Small as an Elephant by Jennifer Richard Jacobson, Paperback | Barnes & Noble
Small as an Elephant
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Small as an Elephant

4.6 33
by Jennifer Richard Jacobson
     
 

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Jack’s mom is gone, leaving him all alone on a campsite in Maine. Can he find his way back to Boston before the authorities realize what happened?

Ever since Jack can remember, his mom has been unpredictable, sometimes loving and fun, other times caught in a whirlwind of energy and "spinning" wildly until it’s over. But Jack never

Overview

Jack’s mom is gone, leaving him all alone on a campsite in Maine. Can he find his way back to Boston before the authorities realize what happened?

Ever since Jack can remember, his mom has been unpredictable, sometimes loving and fun, other times caught in a whirlwind of energy and "spinning" wildly until it’s over. But Jack never thought his mom would take off during the night and leave him at a campground in Acadia National Park, with no way to reach her and barely enough money for food. Any other kid would report his mom gone, but Jack knows by now that he needs to figure things out for himself - starting with how to get from the backwoods of Maine to his home in Boston before DSS catches on. With nothing but a small toy elephant to keep him company, Jack begins the long journey south, a journey that will test his wits and his loyalties - and his trust that he may be part of a larger herd after all.

Editorial Reviews

From the Publisher
"I believe in Jack and his ability to understand his mother in shades of gray. I believe in his ability to be fiercely independent: to try and try and try . . . and at the same time to recognize that he needs others. That others are right there, waiting to catch him."
- Jennifer Richard Jacobson — Quote
ALAN Review - Barbara A. Ward
When his mother disappears during a camping trip to Acadia National Park, Jack Martel must rely on his own survival instincts, since he fears seeking help from the authorities. He believes his mother will be right back, and if worse comes to worst, there's no way he can risk her being charged with abandonment, which is likely to happen if the authorities realize he's on his own. While it hasn't been easy, life with his mother is exciting, especially during her exuberant periods. But the ups are always followed by periods of malaise and depression, and Jack has learned to carefully hide his family's secrets. After his food and money run out, he decides to make his way home to Boston. Readers will root for him to arrive safely, helped along the way by the kindly strangers who befriend him. Especially poignant is his love for elephant-related trivia and totems. Reviewer: Barbara A. Ward
VOYA - Suanne B. Roush
Jack Martell has led an emotionally unsettled life thanks to his mother who swings from loving and caring to neglectful. More than once, he has been left alone when his mother has disappeared. He has been warned not to tell anyone because he will be given to his grandmother who is "evil" and wants to take him from her. The one constant in his life are elephants; he has always been obsessed by them. For years his mother fed this obsession, but when Jack angers her on the way to Mount Desert Island, Maine, by asking to go see Lydia, the only elephant in the state, his mother disappears during their first night camping in Acadia National Park, leaving Jack with only his sleeping bag, backpack, and about $15. Jack tries to call his mother but only gets her voicemail. After his phone gets ruined, and he realizes that he will not be able to stay in the park, Jack packs his sleeping bag, the clothes he can fit into his backpack, and starts looking for his mother. For a boy who has been left to fend for himself before, Jack makes some jarringly childish decisions; his journey strains credulity with a too-pat ending, bringing the elephant theme full circle. Students interested in Maine or elephants may like the book, but it is not a title that will fly off the shelves. Reviewer: Suanne B. Roush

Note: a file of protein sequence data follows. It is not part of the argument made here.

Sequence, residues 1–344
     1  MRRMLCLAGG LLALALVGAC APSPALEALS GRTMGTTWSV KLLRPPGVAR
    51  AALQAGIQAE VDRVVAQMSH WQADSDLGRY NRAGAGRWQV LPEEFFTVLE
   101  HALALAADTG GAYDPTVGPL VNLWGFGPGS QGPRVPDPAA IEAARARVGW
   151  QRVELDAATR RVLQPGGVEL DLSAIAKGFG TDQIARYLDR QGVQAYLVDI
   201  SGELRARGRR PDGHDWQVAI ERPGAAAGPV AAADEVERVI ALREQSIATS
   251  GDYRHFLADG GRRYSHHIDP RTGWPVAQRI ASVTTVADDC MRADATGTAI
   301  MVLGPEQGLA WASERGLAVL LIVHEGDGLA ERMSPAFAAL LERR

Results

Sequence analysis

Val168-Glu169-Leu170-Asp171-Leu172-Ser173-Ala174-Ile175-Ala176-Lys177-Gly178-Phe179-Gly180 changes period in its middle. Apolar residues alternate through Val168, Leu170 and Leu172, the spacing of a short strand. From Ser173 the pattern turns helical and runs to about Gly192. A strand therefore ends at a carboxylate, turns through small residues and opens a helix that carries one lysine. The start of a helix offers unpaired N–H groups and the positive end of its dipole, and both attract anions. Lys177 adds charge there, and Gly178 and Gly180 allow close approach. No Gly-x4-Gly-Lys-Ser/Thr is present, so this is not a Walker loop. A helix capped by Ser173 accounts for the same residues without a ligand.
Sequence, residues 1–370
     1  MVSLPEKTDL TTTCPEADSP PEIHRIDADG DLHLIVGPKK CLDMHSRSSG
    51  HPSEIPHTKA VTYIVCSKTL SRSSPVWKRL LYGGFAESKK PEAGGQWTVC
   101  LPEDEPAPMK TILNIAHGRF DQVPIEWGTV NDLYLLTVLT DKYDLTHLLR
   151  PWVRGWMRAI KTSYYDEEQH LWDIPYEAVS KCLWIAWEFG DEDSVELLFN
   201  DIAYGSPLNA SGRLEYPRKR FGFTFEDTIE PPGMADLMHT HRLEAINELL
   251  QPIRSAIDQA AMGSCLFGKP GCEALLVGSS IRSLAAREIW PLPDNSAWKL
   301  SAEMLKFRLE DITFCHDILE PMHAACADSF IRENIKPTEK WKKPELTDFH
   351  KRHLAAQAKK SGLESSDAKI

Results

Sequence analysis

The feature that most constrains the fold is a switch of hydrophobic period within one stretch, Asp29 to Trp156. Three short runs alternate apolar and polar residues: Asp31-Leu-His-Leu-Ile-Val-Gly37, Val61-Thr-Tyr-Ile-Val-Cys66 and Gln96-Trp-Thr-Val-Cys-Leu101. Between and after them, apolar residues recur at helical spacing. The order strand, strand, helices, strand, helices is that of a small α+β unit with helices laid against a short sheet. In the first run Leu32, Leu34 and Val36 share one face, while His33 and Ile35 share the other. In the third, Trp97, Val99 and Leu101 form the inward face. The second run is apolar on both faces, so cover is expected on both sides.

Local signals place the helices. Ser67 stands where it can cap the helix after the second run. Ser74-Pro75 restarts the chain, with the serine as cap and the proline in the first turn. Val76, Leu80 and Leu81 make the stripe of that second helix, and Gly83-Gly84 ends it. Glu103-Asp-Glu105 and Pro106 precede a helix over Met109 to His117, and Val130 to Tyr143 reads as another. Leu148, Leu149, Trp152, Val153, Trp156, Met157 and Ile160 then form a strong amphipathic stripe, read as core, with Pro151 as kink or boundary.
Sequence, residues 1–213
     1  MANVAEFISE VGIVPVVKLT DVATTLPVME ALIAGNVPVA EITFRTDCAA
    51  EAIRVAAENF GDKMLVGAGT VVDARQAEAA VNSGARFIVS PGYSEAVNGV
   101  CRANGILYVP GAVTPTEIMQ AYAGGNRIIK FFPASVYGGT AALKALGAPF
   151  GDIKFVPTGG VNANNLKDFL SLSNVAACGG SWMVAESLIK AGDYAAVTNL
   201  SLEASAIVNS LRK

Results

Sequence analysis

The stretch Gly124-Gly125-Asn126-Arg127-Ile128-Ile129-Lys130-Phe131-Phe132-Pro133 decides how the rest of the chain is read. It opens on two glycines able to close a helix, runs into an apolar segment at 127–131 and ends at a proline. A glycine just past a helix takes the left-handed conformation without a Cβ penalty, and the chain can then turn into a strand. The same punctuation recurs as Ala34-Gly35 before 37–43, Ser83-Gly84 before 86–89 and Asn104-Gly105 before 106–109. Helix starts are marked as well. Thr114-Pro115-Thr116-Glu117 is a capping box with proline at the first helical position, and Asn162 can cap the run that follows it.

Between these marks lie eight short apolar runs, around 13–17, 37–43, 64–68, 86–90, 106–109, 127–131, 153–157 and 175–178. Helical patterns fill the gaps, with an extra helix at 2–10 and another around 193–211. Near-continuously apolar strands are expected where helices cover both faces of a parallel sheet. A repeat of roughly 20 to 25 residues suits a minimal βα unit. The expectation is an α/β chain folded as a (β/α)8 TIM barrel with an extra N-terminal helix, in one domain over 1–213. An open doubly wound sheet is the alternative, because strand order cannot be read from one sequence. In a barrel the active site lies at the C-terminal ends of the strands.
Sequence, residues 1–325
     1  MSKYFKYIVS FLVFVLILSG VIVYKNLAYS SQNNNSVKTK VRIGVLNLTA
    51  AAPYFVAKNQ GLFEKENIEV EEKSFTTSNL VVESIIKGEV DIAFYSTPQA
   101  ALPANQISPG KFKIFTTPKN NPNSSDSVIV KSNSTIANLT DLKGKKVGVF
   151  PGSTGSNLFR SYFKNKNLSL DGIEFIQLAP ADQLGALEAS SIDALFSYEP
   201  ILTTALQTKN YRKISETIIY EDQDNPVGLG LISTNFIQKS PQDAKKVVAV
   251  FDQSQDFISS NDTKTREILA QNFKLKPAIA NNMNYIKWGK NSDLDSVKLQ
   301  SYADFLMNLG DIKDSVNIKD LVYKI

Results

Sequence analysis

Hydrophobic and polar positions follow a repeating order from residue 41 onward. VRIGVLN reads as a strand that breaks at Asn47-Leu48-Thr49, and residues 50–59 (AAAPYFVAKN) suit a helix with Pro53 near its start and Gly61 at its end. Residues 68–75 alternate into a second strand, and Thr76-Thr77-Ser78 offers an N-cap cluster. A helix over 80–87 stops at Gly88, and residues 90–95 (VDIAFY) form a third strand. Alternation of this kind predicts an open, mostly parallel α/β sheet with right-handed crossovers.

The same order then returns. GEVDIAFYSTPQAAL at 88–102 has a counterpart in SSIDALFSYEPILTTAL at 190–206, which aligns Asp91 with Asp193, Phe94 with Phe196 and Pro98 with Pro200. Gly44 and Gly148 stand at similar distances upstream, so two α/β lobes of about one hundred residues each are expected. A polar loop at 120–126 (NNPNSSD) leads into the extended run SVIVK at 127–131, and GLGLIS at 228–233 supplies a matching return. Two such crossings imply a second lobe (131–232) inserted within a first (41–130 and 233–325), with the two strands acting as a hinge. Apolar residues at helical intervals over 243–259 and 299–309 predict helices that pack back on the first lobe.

School Library Journal
Gr 5–8—Jack, 11, has a bit of an obsession with elephants. The day after he and his mother argue about whether or not they could stop to see an elephant named Lydia at an animal park in York, ME, as part of their vacation, Jack wakes up in his tent at a campground in Acadia National Park to find his Mom, her gear, and her car are gone. Jack is worried, but not totally surprised, as readers learn that this also happened when he was seven. That incident resulted in Jack being placed temporarily with his grandmother, whom his mother always warned him against. So to avoid a repeat of that fate, Jack goes on the lam, stealing an elephant figurine from a gift shop and vegetables from a garden, and arousing suspicion at the library in Bar Harbor. Reminiscent in plot, tone, and quality of Paula Fox's well-regarded Monkey Island (Orchard, 1991), the story certainly provides enough gritty details to make it clear that Jack is lucky to get along as well as he does, but avoids the worst predations that children alone in the world might confront. In the end Jack learns important lessons about his familial relationships and understands that his mother's unresolved mental health issues need not prevent him from moving forward with confidence.—Joel Shoemaker, formerly at South East Junior High School, Iowa City, IA
Kirkus Reviews

Eleven-year-old Jack is older than his years; he has to be. His mother, suffering from an unnamed mental disorder, has left him behind again. This time he is in a campground on Mount Desert Island in Maine, far from his Boston home. When he wakes up, there is no sign of his mother—no rental car, camping gear or food.Jack only has his cell phone (which his mother is not answering), $14, a tent and his love of elephants—a near-obsession that gives structure to his otherwise chaotic life. Because Jack is used to his mother's manic behavior, he quickly goes into survival mode, figuring out ways to get food and coming up with plans to get home to Boston while evading curious adults. Jack's mother has told him what will happen if he gets turned into the authorities: He will be put into foster care or, worse, sent to live with his maternal grandmother. While there are moments when Jack's journey relies on coincidence, and his ability to elude intervention stretches credibility slightly, Jacobson masterfully puts readers into Jack's mind—he loves and understands his mother, but sometimes his judgments are not always good, and readers understand. His love and knowledge of elephants both sustains him and pleasingly shapes the story arc. Jack's journey to a new kind of family is inspiring and never sappy.(Fiction. 10-14)